The ethical nature of the mother-midwife relationship: a feminist perspective

PhD Thesis

Thompson, Faye E.. 2001. The ethical nature of the mother-midwife relationship: a feminist perspective. PhD Thesis Doctor of Philosophy. University of Southern Queensland.

The ethical nature of the mother-midwife relationship: a feminist perspective

TypePhD Thesis
AuthorThompson, Faye E.
SupervisorGorman, Don
Institution of OriginUniversity of Southern Queensland
Qualification NameDoctor of Philosophy
Number of Pages427

This research explored the ethical nature of the mother-midwife relationship in order to refine our understanding of the place of ethics in the context of everyday midwifery practice – the practice of ‘being with woman’ in childbirth. The ethics explicitly available to midwives are derived from practices such as moral philosophy and bioethics, whose ethical frameworks are reductionist in their exclusion of context and relationship. Given that the midwifery profession is currently promoting a model of practice built on partnership and relationship, existing codes and frameworks are examined for their adequacy. An assumption of the study was that a distinctive midwifery ethic was implicitly available in the lived realities and shared engagement of mothers and midwives, embedded in practice. Conceptual theoretical research methodology facilitated exploration of the taken-for-granted assumptions of established theory, official policies such as Codes, and the profession’s literature. Feminist-constructivist theory formed the epistemological basis for gaining insight into the implicit ethics of midwifery. Personal narratives of mothers and midwives were analysed and interpreted for meaning, and transcripts returned to participants for validation. These constructed meanings were then compared and contrasted with those explicit in Codes and current literature. The central theme to emerge from the narratives was the use and abuse of power in relationships. Other major themes were institutional dominance consistently used to describe the status quo, values conflict especially linked to workplace/service provider versus personal/professional midwifery ethics, and the ethical adequacy of a ‘being with woman’ relationship. Findings indicate that midwifery does need a different ethic to that of bioethics and problem-solving principlism, and that such a new ethic would look like those promoted by feminist-virtue ethics. The latter not only redress the politics of the existing hegemonic maternity services system, but they also place women’s concerns central to practice and deliberation. The aspirations, values and lived reality of mothers and midwives, and the commitment of the professional-friend midwife to the particularity of the birthing woman, are the focus of a reconstructed ethic for midwifery practice, an ethic which reunites morality and personal interest. Implications and recommendations are discussed.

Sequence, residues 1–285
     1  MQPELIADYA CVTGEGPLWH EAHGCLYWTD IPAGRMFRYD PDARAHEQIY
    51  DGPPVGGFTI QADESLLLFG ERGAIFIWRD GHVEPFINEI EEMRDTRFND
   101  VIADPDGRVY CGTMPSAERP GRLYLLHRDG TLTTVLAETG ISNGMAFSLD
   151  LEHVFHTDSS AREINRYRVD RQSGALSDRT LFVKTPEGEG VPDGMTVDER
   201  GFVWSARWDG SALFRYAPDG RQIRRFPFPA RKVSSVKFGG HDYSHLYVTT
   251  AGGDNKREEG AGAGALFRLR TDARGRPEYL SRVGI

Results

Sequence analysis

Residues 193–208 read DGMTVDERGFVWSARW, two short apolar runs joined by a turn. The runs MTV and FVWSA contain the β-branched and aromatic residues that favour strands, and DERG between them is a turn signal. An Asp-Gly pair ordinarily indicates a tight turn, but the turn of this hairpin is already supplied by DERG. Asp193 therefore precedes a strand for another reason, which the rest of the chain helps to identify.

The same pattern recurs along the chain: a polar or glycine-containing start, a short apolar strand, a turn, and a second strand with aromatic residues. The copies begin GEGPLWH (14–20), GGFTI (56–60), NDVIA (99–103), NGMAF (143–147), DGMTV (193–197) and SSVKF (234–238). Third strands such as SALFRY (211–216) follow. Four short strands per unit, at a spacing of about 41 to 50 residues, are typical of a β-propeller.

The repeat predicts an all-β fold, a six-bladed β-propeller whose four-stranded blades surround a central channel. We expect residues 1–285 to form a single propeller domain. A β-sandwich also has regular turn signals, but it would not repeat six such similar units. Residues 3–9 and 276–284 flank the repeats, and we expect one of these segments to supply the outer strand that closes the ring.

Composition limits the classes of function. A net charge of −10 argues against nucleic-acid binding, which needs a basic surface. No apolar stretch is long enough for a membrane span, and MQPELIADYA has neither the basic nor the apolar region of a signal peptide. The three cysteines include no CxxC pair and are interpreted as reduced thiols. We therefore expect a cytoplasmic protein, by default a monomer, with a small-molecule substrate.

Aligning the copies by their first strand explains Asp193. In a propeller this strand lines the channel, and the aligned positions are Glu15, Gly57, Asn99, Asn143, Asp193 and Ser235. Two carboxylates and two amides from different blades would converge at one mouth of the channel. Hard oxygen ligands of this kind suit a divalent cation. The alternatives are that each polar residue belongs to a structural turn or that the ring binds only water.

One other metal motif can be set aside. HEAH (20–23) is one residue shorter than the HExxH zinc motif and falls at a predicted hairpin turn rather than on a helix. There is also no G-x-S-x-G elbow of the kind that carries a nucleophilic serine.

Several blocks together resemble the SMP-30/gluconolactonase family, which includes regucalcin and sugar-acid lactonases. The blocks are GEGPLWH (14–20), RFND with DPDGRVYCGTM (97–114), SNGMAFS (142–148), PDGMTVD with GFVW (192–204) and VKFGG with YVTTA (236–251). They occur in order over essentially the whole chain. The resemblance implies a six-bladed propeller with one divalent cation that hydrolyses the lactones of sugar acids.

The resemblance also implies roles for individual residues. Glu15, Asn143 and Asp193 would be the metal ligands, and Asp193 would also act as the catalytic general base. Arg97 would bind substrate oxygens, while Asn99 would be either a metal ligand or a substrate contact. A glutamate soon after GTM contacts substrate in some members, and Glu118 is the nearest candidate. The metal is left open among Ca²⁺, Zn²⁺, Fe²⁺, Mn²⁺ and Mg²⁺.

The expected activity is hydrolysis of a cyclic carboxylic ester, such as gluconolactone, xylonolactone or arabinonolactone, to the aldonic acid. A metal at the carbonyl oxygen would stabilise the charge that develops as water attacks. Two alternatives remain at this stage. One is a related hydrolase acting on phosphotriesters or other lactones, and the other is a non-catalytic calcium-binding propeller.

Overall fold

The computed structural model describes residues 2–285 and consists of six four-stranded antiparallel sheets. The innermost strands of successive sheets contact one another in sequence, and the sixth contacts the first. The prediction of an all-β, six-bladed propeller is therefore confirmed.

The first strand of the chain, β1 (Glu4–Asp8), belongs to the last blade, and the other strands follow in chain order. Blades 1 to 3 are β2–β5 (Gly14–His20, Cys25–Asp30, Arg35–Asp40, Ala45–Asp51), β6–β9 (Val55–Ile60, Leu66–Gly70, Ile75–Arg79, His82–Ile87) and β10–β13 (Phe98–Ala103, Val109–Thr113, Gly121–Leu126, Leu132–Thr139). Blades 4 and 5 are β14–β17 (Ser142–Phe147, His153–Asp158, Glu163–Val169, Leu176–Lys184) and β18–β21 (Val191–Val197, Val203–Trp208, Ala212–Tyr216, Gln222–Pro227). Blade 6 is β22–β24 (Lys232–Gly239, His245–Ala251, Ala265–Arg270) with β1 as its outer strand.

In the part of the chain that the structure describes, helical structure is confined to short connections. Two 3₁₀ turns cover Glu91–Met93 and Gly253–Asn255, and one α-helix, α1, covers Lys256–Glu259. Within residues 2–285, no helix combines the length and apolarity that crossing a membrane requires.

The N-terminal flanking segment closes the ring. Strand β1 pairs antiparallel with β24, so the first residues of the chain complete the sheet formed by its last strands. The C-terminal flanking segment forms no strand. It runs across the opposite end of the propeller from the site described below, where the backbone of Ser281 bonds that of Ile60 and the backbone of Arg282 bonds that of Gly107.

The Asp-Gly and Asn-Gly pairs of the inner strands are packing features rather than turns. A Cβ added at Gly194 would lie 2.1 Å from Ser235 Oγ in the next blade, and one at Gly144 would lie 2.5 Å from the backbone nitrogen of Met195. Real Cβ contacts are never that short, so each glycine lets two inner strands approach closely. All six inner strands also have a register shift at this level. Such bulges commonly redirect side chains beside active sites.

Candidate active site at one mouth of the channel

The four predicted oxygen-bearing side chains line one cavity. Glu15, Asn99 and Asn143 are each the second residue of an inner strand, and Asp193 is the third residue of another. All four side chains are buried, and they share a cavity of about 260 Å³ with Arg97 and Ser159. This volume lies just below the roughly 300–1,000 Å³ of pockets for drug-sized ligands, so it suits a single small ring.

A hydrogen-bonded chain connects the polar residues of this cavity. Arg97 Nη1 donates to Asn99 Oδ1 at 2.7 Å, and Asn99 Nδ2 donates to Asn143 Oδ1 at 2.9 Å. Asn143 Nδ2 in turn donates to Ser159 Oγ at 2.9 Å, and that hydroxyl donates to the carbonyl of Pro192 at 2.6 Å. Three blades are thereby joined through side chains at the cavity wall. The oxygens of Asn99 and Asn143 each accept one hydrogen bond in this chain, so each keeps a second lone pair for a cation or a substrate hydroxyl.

Keywordsnursing, midwifery, maternity, ethics, health, women, relationship
ANZSRC Field of Research 2020420499. Midwifery not elsewhere classified
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